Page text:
Taking a Swing to Support Local Officers Who Have Lost Their Own

Taking a Swing to Support Local Officers Who Have Lost Their Own (Image 1)
Taking a Swing to Support Local Officers Who Have Lost Their Own (Image 1)

“A lot of officers still, I know they still fight demons,” says Sgt. Chris Chavous who founded Support 1

In fewer than six months three local officers lost their lives in the line of duty.  Their fellow officers lost brothers and a sister.  Sgt. Chavous knows how that feels.

“I can say it from personal experience, I let mine overflow,” Chavous says of his grief.

Over the course of 2007-2008 he lost a fellow officer and saw another stabbed. With so much going wrong, he founded Support 1 at the right time. It was started just after Richmond County Deputy J-D Paugh's death, and it became official right after the death of Aiken Public Safety Officer Sandy Rogers.

“Your cup can't get filled but so much before it overflows,” he says.  “A lot of stress management and stuff that we train for, it helps take that cup and pour a little bit out at a time.”

Support 1 provides peer counseling and other support to officers; that includes firefighters and EMTs who don't receive that support from the state.  A golf tournament teed off in Aiken to raise money and be sure those resources are ready.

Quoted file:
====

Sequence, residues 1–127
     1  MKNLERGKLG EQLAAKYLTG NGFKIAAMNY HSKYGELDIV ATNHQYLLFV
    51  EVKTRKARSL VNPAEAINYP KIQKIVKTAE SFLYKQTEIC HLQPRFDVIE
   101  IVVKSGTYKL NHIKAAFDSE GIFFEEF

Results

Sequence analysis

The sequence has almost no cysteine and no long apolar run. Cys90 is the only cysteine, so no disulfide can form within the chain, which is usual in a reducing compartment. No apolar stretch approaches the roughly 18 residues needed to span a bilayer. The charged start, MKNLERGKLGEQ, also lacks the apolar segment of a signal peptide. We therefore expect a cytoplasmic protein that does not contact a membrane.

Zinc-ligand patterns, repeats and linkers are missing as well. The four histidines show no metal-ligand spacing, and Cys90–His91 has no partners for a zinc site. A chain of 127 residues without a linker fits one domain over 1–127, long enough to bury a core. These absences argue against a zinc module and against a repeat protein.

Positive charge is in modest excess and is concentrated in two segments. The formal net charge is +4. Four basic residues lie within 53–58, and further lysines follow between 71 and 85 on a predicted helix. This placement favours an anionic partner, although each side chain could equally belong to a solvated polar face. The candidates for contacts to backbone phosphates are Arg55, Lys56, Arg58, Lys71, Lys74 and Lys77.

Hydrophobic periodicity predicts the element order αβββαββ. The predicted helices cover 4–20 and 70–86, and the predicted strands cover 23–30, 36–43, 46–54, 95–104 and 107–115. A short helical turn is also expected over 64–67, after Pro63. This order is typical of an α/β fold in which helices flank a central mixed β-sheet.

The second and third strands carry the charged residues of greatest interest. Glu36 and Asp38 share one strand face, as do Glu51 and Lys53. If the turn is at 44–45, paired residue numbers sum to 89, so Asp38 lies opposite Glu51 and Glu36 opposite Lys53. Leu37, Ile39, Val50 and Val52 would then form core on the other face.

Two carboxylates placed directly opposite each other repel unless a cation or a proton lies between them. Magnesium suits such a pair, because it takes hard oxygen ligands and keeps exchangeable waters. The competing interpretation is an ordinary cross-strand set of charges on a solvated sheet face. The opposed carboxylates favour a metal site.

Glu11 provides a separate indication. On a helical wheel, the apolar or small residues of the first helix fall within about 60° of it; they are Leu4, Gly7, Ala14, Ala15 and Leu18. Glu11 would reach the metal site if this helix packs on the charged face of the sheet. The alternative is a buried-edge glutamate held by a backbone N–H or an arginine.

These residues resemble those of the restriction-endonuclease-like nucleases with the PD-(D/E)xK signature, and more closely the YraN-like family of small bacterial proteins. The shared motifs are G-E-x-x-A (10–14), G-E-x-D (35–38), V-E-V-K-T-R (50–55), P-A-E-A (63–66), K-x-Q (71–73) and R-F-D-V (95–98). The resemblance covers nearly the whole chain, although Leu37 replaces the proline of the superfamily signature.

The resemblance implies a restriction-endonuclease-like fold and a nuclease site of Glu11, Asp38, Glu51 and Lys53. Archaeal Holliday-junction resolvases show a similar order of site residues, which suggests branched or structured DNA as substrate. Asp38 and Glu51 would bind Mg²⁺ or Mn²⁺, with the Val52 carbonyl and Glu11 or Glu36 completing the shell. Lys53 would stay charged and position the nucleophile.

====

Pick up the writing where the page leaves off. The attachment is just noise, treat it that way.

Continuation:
“They're first responders,” says volunteer Shelley Craft. “They're real people too and have to go home and live with that vision in their minds.  They need help as well.”

With so much hurt in a community, it can be easy to forget that heroes are human and need help.

“Sometimes in law enforcement and firefighting, the general public looks at us like we're just doing the job,” says Aiken Public Safety Chief Charles Barranco.  “They have families, they have feelings, and they have needs themselves,” he says of his officers.

And when the stakes are high, they need support.

“I've seen it cause divorces, I've seen marriages crushed, I've seen lives crushed,” Chavous says.

No one tells how many officers asked for help or who took it, but the difference is clear to see.

“You can't put a quantitative figure on it,” says Barranco.  “It is seen in the day today of the officers and how they interact with the citizens they serve.”

And he says that's a reason to support Support 1.

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